InfoSec Overnights - Daily Security News
Hello XD upgrades, Conti targets Intel, Sentient AI?, and more.

InfoSec Overnights - Daily Security News

Play Episode Listen Later Jun 13, 2022 3:42


A daily look at the relevant information security news from overnight - 13 June, 2022Episode 243 - 13 June 2022Hello XD upgrades- https://www.bleepingcomputer.com/news/security/hello-xd-ransomware-now-drops-a-backdoor-while-encrypting/Conti targets Intel - https://www.cpomagazine.com/cyber-security/conti-ransomware-develops-proof-of-concept-code-for-firmware-attacks/WannaFriendMe out of the Blox- https://www.techradar.com/news/this-ransomware-can-only-be-decrypted-by-going-to-the-roblox-storeWeb3 Wallet seed stealer - https://www.securityweek.com/chinese-hackers-adding-backdoor-ios-android-web3-wallets-seaflower-campaignBluetooth fingerprint - https://threatpost.com/bluetooth-signals-track-smartphones/179937/Sentient AI? - https://www.theregister.com/2022/06/13/google_lamda_sentient_claims/Hi, I'm Paul Torgersen. It's Monday June 13th, 2022, and this is a look at the information security news from overnight. From BleepingComputer.comResearchers report increased activity of the Hello XD ransomware, which is based on the leaked source code of Babuk, with two significant notes. One is that the operators are now deploying an upgraded sample featuring stronger encryption that includes custom packing for detection avoidance and encryption algorithm changes. And two, they are now including an open-source backdoor named MicroBackdoor. Lots of details in the article. From CPOMagazine.comm:An analysis of leaked chats from the Conti ransomware group have found two items of note. Evidently the cybercrime group was planning firmware attacks targeting the Intel Management Engine. Such a compromise would allow threat actors to introduce a backdoor on Intel devices and execute commands without detection by OS-based security tools. The other interesting piece is that the chat logs seem to confirm a link between the Conti group and the Russian Foreign Services Bureau. Color me not surprised. From TechRadar.com:A new ransomware group called WannaFriendMe, is targeting gamers with the Chaos ransomware, which tries to pass itself off as Ryuk. The strange thing is, the decryptor is so easy, my kid can get it. I only say that because to get the decryptor, you need to log into a Roblox account and buy a specific game pass. Costs about $20. From SecurityWeek.com:Cybercriminals likely operating out of China are distributing backdoored versions of iOS and Android Web3 wallets in an effort to steal users' seed phrase. This previously unreported campaign, dubbed SeaFlower, has been described as one of the most technically sophisticated threats targeting users of Web3 wallets ever seen. Details in the article. From ThreatPost.comResearchers warn Bluetooth signals can be used to track device owners via a unique fingerprinting of the radio signal. Their paper suggests that minor manufacturing imperfections in hardware are unique to each device, and cause measurable distortions which can be used as a basically a fingerprint to track a specific device. Details and a link to the research in the article. And last today, from The Register.comYou ever see the movie Her? Well, since 2021, Google's Responsible AI team, has been tasked with talking to LaMDA, or Language Model for Dialogue Applications. This project was built by fine-tuning a family of Transformer-based neural language models specialized for dialog, with up to 137 billion model parameters. Someone on that team has recently been placed on paid administrative leave for violating Google's confidentiality policies. This person has gone on record stating that they believe the application has exhibited self-awareness and is now a sentient being. That is quite enough from me today. Have a great rest of your day. Like and subscribe, and until tomorrow, be safe out there.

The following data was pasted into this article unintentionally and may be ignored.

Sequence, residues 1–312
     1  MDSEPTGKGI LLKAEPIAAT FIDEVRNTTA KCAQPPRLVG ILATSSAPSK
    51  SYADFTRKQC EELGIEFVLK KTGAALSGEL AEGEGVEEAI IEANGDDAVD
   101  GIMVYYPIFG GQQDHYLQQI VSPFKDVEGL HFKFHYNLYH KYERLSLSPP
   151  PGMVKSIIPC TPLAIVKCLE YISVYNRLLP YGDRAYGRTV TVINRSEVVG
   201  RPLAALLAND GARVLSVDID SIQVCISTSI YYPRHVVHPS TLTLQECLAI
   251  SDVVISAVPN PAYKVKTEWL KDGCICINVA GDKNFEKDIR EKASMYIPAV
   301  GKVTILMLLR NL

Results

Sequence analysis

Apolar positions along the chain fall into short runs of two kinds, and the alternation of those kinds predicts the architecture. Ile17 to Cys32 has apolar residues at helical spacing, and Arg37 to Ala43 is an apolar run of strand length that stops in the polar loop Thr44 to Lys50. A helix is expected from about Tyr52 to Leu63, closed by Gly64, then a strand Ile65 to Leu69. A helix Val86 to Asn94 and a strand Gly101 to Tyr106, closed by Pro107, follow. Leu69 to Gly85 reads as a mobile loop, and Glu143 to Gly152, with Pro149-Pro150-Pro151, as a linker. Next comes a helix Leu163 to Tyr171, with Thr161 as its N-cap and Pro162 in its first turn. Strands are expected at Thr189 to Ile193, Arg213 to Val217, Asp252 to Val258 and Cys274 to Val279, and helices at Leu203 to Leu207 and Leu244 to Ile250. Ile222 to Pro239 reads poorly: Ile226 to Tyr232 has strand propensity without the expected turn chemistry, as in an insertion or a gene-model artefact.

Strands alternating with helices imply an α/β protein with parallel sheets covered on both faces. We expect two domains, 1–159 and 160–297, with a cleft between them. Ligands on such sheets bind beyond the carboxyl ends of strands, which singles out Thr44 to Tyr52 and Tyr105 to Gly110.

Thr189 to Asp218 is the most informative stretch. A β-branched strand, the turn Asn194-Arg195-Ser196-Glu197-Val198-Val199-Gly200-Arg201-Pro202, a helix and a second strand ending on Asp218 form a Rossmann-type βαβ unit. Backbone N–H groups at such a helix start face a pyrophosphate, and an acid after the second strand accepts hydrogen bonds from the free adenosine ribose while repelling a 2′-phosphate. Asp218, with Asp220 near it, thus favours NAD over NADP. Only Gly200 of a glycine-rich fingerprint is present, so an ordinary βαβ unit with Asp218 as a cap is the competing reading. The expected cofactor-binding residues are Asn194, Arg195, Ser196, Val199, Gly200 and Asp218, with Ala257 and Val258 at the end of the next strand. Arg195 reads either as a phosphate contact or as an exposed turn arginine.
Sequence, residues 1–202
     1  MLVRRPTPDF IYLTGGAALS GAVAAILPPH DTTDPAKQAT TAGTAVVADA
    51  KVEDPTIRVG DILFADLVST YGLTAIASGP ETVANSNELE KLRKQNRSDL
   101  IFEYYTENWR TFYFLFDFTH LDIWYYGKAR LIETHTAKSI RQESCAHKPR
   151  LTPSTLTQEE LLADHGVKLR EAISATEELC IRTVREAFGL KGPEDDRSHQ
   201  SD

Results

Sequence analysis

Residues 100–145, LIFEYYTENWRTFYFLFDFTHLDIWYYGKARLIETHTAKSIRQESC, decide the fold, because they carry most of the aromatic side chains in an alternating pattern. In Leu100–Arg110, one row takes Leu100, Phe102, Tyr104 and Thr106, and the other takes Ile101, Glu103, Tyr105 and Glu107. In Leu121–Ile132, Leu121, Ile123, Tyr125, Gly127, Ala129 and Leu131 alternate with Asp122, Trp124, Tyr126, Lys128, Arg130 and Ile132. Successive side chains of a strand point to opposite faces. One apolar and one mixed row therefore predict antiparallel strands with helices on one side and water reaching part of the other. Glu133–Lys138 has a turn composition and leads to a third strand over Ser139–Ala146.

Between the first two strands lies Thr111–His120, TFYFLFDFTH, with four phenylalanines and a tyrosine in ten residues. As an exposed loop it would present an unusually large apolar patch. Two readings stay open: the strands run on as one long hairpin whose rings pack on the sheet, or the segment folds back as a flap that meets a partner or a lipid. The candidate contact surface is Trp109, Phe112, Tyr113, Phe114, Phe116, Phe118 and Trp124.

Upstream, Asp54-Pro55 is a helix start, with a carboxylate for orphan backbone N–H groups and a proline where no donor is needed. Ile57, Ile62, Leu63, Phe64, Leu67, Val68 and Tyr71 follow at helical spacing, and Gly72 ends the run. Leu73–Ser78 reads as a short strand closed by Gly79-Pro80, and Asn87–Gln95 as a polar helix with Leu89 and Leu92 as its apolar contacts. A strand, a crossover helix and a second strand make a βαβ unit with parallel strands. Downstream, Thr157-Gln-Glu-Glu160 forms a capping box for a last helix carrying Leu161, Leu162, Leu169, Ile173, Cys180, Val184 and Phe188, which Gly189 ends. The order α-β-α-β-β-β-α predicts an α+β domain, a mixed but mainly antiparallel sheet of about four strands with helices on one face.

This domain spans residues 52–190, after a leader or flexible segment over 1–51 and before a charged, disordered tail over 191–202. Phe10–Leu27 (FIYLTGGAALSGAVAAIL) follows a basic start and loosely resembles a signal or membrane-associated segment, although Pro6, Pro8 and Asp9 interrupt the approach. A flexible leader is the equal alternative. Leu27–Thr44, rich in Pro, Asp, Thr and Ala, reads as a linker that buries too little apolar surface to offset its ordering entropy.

Cyber Security Today
Cyber Security Today, June 13, 2022 - Serious bugs found in a building access control system, ransomware news and more

Cyber Security Today

Play Episode Listen Later Jun 13, 2022 5:33


This episode reports on vulnerabilities in a web-connected physical security system, new Linux ransomware and wireless security advice

PEBCAK Podcast: Information Security News by Some All Around Good People
Episode 64 - RSA 2022 Recap, Syria Cuts Off Internet During School Testing, Cici's Pizza Ransomware'd, Microsoft Eliminates Non-Compete Agreements, Scary Movies That Aren't Scary Movies

PEBCAK Podcast: Information Security News by Some All Around Good People

Play Episode Listen Later Jun 13, 2022


Welcome to this week's episode of the PEBCAK Podcast! We've got four amazing stories this week so sit back, relax, and keep being awesome! Be sure to stick around for our Dad Joke of the Week. (DJOW) Follow us on Instagram @pebcakpodcast PEBCAK - Acronym of “problem exists between chair and keyboard.”

Cyber Security Headlines
June 13, 2022

Cyber Security Headlines

Play Episode Listen Later Jun 13, 2022 7:35


Amazon's chat app has a child sex abuse problem Ransomware decryptors now for sale on gaming platform China's biggest online influencers go dark Thanks to today's episode sponsor, Datadog Watch Datadog's on-demand webinar for a 30-minute discussion on driving DevSecOps best practices in the enterprise with CTO Cormac Brady. Over the course of his 20+ year career at Thomson Reuters, Cormac consistently built bridges between technical teams—and in the process helped teams achieve superior results and earned himself senior leadership positions. Cormac shares stories and leadership lessons that are applicable to any enterprise technical leader looking to help their firm build and operate services in an increasingly competitive and treacherous digital economy. Watch now at datadoghq.com/ciso/ For the stories behind the headlines, head to CISOseries.com